Studies on the determinants of comparability suggest that accounting standards and regulations (Barth, Landsman, Lang, & Williams, 2012; Brochet, Jagolinzer, & Riedl, 2013; Dhole, Lobo, Mishra, & Pal, 2015; Edmonds, Smith, & Stallings, 2018), internal governance mechanisms (Endrawes, Feng, Lu, & Shan, 2018; Francis, Pinnuk, & Watanabe, 2014), the mimicking of strategic imperatives (Francis et al., 2014) and geographical proximity (De Franco, Hou, & Mark, 2021) affect comparability. Imhof, Seavey, and Watanabe (2022) suggests that firms that face higher competition are less likely to produce comparable financial statements owing to concerns about the disclosure of proprietary information. We extend the literature on the determinants of comparability and examine whether FLC affects the degree of comparability.

Conclusion

     Firm life cycle theory suggests that firms evolve through distinct life cycle stages. Revenue generation, profitability and cash flows are uncertain during the introduction and growth stages. Introduction, growth, maturity, shakeout and decline phases of FLC reflect the evolution in organization, financing, investment, and structure that firms experience (Miller & Friesen, 1984). Although not all firms go through each phase for the same duration, each stage of the FLC has its own unique characteristics. The changing internal and external operating environments at each stage affect fundamental business models. As a result, motivation to disclose comprehensive high quality information differs, depending on the requirements and characteristics of each life cycle stage.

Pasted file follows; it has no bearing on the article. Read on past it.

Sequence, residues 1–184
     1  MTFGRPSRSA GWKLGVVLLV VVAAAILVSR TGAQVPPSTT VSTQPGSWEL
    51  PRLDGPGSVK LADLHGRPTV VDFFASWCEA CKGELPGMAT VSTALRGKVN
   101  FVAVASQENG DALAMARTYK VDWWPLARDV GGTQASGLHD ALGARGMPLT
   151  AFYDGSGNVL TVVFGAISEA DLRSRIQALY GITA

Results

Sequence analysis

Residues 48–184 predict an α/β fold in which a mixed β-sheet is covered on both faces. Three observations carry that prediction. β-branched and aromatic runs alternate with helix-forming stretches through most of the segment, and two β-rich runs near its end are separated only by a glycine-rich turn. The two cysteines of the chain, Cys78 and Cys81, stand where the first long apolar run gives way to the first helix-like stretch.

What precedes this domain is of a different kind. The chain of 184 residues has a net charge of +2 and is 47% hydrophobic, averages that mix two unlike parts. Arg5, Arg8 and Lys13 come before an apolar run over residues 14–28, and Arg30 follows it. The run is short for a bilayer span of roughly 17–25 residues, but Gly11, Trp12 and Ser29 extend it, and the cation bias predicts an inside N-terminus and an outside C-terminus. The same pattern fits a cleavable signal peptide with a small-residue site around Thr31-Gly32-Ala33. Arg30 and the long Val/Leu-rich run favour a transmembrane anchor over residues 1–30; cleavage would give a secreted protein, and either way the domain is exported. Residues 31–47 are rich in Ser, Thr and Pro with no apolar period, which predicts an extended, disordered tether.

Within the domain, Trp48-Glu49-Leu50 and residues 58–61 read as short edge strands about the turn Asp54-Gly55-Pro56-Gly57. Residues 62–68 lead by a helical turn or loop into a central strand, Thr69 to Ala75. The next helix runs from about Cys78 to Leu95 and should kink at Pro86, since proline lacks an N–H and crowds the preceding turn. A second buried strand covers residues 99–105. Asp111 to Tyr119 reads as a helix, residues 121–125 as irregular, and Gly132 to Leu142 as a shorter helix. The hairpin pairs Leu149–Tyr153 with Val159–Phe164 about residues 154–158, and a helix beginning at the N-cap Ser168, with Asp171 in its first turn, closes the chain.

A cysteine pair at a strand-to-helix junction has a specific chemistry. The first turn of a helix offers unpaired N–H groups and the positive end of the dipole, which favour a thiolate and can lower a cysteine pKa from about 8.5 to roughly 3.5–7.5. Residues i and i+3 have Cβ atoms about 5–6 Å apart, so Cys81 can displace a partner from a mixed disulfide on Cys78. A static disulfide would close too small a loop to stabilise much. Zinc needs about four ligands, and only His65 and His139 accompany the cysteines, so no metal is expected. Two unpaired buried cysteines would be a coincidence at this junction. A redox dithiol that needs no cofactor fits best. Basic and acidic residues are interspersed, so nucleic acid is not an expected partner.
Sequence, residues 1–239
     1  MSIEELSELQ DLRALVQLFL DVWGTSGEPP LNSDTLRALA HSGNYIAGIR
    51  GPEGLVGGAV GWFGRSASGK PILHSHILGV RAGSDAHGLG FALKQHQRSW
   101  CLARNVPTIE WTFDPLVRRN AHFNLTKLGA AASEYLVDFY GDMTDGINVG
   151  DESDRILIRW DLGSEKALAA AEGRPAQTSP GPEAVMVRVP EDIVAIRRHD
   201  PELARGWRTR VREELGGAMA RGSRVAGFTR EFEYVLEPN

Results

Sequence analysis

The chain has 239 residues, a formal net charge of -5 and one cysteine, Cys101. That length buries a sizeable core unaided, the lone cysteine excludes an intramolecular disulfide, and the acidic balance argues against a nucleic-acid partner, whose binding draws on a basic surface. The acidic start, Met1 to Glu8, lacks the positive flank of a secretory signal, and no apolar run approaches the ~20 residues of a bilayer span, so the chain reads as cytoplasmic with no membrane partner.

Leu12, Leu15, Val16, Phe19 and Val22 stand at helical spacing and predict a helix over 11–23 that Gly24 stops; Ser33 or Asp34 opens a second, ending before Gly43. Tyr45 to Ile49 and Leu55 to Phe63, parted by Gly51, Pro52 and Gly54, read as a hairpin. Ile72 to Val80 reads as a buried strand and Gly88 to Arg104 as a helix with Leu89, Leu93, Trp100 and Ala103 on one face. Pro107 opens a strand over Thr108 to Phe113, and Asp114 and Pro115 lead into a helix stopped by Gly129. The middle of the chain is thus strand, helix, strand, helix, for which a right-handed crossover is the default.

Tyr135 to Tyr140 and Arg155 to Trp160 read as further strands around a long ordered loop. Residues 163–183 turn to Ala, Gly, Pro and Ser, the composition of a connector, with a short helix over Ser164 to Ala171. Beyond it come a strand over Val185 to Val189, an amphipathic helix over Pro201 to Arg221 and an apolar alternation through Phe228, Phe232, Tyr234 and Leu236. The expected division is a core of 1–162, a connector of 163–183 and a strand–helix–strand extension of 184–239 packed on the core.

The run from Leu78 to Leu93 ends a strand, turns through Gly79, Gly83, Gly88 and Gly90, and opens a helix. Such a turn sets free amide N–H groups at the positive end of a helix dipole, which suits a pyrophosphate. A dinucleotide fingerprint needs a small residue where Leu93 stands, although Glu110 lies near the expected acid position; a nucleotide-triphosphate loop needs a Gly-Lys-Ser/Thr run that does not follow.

Financial statement comparability is the degree of similarity between the financial statements of two firms that have faced similar economic transactions, as these economic transactions map into their financial accounting systems. Comparability reduces information acquisition costs and increases the quality of financial information presented in financial statements (De Franco et al., 2011). We hypothesize that firms in the mature FLC phase tend to produce comparable financial statements by comparison with firms in other FLC phases, because mature firms have established internal controls, organization structures and skilled employees. We find evidence supporting this hypothesis. We also find that marked information asymmetry positively moderates the association between FLC and comparability, indicating that such information asymmetry provides incentives for managers to produce comparable financial statements in order to enhance the quality of the information environment. However, alternative interpretations could also exist. For instance, it could also be argued that managers might be less inclined to produce more comparable financial statements if they operate in highly competitive industries (Imhof et al., 2022), in order to reduce the proprietary costs of disclosures.